Our Cincinnati Reds preview finds it’s interesting to note that despite their record last season this team was not the worst hitting team in the majors. In fact, in some areas, such as batting average, in which they ranked 10th with a grade of .254, they were better than average. Along with posting a good batting average, the Reds’ OBP, which was .328 (9th), was strong. But they were average or under-average in just about every other area. The Reds were 15th in stolen bases (77) and OPS (.729) and 18th in runs (696) and total bases (2,221). Finally, Cincinnati tied for 17th in RBI (665), while they were 20th in homers (172) and 21st in slugging percentage (.401).
The top three in the batting order are shortstop Jose Peraza (.288 BA, 58 RBI, 14 HRs), second baseman Scooter Gennett (.310 BA, 92 RBI, 23 HRs), and first baseman Joey Votto (.284 BA, 67 RBI, 12 HRs). Batting cleanup is third baseman Eugenio Suarez (.283 BA, 104 RBI, 34 HRs). Peraza offers a good combination of speed and power and is solid batting first or second. Over the past two seasons, Gennett has been productive, accumulating 189 RBI and 50 dingers. Votto has led the league on OBP seven times and could do so again this season. Our Cincinnati Reds preview found that Suarez is a premium hitter who can crush the ball.
Matt Kemp (.290 BA, 85 RBI, 21 HRs), who patrols left, is one of two hitters from the Dodgers joining the Reds. Kemp is a slugger. Center fielder Scott Schebler (.255 BA, 49 RBI, 17 HRs) bats sixth, while Yasiel Puig (.267 BA, 63 RBI, 23 HRs), the other hitter from LA, looks to hit seventh. Along with being able to smack gopher balls, Puig is an adroit base-stealer. Catcher Tucker Barnhart (.248 BA, 46 RBI, 10 HRs), eighth in the order, had a terrible 2018.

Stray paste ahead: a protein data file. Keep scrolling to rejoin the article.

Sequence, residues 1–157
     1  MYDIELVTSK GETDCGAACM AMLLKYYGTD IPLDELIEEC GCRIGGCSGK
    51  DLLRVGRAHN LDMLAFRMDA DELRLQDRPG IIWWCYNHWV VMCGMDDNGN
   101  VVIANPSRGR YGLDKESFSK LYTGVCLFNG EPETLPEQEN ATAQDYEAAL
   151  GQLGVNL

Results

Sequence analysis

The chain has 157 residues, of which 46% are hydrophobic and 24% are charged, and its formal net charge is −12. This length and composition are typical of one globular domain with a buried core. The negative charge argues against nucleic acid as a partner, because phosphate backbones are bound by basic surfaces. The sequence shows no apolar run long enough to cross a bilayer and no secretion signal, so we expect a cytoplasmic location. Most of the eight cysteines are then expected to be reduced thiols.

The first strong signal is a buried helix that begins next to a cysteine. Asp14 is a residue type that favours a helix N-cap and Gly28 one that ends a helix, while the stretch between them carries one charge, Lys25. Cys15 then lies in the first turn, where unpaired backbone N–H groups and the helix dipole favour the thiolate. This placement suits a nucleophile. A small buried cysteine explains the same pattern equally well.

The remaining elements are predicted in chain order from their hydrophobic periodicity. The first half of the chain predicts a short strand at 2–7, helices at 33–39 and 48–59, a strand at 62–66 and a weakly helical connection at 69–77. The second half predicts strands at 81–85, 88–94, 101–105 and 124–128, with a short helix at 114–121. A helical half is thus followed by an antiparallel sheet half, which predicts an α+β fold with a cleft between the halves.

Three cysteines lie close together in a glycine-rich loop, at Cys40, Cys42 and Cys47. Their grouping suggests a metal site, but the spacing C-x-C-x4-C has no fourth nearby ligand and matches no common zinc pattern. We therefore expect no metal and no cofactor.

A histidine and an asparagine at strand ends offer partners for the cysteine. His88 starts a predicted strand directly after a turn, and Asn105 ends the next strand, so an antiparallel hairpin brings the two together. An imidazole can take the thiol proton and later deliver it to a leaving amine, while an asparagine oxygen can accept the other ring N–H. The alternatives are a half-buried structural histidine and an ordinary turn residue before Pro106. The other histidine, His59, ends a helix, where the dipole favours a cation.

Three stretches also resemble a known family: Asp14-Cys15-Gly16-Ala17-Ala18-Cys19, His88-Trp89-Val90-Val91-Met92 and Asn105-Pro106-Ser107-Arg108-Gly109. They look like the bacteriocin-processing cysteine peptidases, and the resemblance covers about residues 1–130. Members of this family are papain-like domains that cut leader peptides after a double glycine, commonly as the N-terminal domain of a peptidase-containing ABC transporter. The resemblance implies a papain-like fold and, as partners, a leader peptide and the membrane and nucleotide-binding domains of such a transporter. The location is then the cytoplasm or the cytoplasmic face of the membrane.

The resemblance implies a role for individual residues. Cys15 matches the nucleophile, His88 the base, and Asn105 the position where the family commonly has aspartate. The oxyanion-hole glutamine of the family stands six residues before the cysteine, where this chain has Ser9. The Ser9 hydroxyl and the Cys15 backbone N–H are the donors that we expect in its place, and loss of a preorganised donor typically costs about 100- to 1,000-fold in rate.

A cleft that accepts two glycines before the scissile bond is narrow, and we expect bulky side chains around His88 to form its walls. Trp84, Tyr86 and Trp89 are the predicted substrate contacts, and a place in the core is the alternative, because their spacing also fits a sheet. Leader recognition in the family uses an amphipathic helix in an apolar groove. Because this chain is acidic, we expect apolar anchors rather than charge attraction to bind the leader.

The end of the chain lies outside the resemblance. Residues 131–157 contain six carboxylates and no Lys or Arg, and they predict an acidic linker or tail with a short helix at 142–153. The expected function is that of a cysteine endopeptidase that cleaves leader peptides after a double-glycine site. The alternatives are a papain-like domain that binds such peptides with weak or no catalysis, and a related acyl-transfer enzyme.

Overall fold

The Cincinnati defense was 15th in the majors in fielding with a mark of .984. They turned 144 double plays, which was 10th-most in MLB. Barnhart, a former Gold Glove catcher in 2017, didn’t just struggle at the plate, he also struggled behind the plate last year. His framing metrics, ability to throw our runners, and DRS all plummeted. In the middle of the field, shortstop Peraza provides the kinds of thrills you don’t want to see. His fielding needs polishing. Second baseman Gennett is a decent fielder. At third, Suarez is a good but not great defender, while Votto handles first adequately.
In right, Puig is a skilled and talented fielder. He has good speed and sound tracking skills. Last season Puig had a +6 DRS score. Kemp certainly knows the ins and outs of playing left. Schebler, who will start in center, is a versatile and proficient fielder.
Management and Front Office
Our Cincinnati Reds preview observes that fans have to be realistic when it comes to this team. GM Nick Krall with president of baseball operations Dick Williams are working with the fifth-smallest payroll in MLB. Let’s face it $111 million-and-change just doesn’t go that far. New manager Dave Bell, who is the third to come into the skipper role for Cincy in two years, spent last season in SF’s front office. How much Bell can do with what he has is a big question? No one should expect him or anyone else in this organization to be a miracle worker.
2019 Cincinnati Reds Preview: Final Word
Our 2019 Cincinnati Reds preview notes that this team has made some attempts to upgrade on offense and in the pitching ranks. But is it enough to give Chicago, St. Louis, and Milwaukee a run for their money? The Pirates are better suited to do so, and we don’t see them as having a any chance of moving past fourth place. Our 2019 Cincinnati Reds preview notes that this baseball club has a long way to go before it can sustain a substantial campaign in the NL Central.